As farms were foreclosed on during the Great Depression, many farmers around the town of Circleville found themselves having to live in the shanty town of Hooverville as well.
The photographs taken by Ben Shahn in 1938 in this shanty town is of former farmers who were now working on WPA projects to feed their families.
Circleville reminisences: a description of Circleville, Ohio (1825-1840) ; also an account of the 115-year old sister of Commodore Oliver Hazard Perry
William A. Swift is the name of the man below. He was once a farmer, now a resident of Circleville’s “Hooverville.” He said that when he returned from the war he went West. “Made awful good money jobbin’ around.”
This resident of Hooverville was in severe pain. He began to talk while his photograph was taken.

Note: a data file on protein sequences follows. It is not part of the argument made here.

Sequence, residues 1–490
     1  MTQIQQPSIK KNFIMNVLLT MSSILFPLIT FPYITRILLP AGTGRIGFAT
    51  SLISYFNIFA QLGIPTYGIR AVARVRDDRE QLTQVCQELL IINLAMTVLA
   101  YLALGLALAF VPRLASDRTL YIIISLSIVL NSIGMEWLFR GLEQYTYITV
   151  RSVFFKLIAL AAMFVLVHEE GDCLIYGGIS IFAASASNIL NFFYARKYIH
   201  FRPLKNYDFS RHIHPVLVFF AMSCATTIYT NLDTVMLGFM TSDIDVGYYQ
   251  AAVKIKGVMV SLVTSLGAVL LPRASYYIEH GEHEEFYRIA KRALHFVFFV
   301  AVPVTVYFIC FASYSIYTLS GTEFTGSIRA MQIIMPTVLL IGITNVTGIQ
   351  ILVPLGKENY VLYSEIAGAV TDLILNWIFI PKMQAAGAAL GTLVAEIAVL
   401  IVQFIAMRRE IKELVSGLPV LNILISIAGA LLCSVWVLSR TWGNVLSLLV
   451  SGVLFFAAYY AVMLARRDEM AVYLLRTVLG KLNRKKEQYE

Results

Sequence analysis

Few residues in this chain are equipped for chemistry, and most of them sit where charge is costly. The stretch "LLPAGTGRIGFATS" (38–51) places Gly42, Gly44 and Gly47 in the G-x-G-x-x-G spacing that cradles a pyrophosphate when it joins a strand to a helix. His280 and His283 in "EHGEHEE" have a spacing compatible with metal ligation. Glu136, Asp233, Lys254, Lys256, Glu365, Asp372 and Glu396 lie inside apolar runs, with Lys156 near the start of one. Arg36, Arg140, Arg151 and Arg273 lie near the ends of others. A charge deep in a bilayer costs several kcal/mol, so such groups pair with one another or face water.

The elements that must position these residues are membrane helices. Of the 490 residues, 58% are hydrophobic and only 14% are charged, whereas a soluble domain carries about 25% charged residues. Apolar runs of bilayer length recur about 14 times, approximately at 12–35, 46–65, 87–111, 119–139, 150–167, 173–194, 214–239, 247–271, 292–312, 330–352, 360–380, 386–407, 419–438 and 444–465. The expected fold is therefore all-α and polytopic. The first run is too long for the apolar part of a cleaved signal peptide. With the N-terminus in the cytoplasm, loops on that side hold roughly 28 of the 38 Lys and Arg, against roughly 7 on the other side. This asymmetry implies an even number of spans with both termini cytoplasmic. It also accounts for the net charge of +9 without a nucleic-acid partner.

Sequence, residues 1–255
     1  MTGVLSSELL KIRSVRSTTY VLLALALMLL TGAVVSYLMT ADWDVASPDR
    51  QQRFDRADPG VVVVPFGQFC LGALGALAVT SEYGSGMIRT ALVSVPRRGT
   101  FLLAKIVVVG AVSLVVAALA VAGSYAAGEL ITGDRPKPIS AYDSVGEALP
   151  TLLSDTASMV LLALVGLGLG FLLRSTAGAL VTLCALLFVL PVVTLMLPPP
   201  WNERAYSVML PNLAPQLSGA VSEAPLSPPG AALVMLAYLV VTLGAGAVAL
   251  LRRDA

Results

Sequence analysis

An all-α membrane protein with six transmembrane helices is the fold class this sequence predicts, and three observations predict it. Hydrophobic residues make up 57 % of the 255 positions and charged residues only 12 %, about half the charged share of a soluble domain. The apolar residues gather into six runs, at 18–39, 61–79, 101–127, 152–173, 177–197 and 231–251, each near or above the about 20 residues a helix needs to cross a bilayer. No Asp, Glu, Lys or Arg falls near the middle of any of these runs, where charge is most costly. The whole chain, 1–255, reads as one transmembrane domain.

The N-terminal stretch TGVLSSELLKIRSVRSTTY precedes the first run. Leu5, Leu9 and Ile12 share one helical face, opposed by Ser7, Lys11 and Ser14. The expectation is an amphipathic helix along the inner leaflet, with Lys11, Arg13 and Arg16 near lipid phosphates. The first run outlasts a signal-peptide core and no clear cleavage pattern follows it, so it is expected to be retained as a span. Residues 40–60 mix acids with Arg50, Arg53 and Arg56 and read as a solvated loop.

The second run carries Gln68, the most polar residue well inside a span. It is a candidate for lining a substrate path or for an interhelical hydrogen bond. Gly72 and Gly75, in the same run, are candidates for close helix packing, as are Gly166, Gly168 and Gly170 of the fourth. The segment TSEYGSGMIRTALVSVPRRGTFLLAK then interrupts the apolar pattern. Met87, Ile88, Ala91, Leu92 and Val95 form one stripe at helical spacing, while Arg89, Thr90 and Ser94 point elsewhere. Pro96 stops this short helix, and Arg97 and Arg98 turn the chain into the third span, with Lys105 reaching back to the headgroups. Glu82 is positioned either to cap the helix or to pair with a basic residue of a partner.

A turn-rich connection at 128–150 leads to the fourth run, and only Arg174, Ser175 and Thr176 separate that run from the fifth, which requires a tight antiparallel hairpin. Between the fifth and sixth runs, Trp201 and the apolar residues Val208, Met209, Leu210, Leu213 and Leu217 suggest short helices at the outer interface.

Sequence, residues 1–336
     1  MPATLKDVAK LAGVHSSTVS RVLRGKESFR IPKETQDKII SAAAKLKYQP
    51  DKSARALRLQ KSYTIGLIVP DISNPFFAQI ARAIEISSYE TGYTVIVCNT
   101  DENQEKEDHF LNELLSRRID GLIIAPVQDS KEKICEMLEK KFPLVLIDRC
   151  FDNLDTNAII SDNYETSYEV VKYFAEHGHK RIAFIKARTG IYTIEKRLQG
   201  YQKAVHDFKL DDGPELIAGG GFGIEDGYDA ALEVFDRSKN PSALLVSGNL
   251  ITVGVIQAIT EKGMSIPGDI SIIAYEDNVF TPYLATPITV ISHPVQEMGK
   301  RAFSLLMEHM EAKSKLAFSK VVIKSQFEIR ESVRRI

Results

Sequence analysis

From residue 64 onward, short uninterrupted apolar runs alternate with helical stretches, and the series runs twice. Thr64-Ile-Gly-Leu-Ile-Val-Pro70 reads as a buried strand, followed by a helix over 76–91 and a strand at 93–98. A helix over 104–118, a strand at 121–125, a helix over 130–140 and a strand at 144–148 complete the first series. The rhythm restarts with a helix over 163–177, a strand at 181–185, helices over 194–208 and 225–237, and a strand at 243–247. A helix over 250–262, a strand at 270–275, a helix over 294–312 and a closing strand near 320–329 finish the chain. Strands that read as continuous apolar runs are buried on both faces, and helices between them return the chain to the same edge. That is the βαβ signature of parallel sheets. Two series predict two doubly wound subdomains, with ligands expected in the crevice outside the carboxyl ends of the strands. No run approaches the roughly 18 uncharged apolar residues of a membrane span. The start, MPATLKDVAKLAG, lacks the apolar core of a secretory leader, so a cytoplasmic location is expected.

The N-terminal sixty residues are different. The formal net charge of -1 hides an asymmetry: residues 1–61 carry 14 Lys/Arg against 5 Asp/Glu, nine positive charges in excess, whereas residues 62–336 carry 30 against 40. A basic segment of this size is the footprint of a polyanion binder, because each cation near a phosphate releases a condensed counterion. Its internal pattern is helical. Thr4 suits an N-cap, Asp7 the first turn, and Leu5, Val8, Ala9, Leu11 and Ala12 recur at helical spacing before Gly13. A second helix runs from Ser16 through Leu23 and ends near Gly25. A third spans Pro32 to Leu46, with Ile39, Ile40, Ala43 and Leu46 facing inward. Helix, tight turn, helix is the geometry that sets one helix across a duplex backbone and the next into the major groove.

“No man in the United States had the trouble I had since 1931. No man. Don’t talk to me. I’m deaf. I lost my farm in 1931. I went to work in an acid factory. I got acid spilt on me; burnt my nose and made me blind. Then I get those awful headaches. I’ve been to lots of doctors, but that doesn’t help me. They come on at sundown. No man in the United States had the trouble I had since 1931.” (This last repeated many times through his talking.) “No man. It must be getting on to 6 o’clock now. My head’s beginning to pain.”
- History of Pickaway County, Ohio, and Representative Citizens
- Library of Congress
People in shanty towns had to rely on home remedies when they became ill like Vinegar of the Four Thieves which was centuries old recipe that was known for its antibacterial, antiviral, antiseptic and antifungal properties for years. It was even used to cure the Bubonic Plague. See Thomas Jefferson’s recipe in VINEGAR OF THE FOUR THIEVES: Recipes & curious tips from the past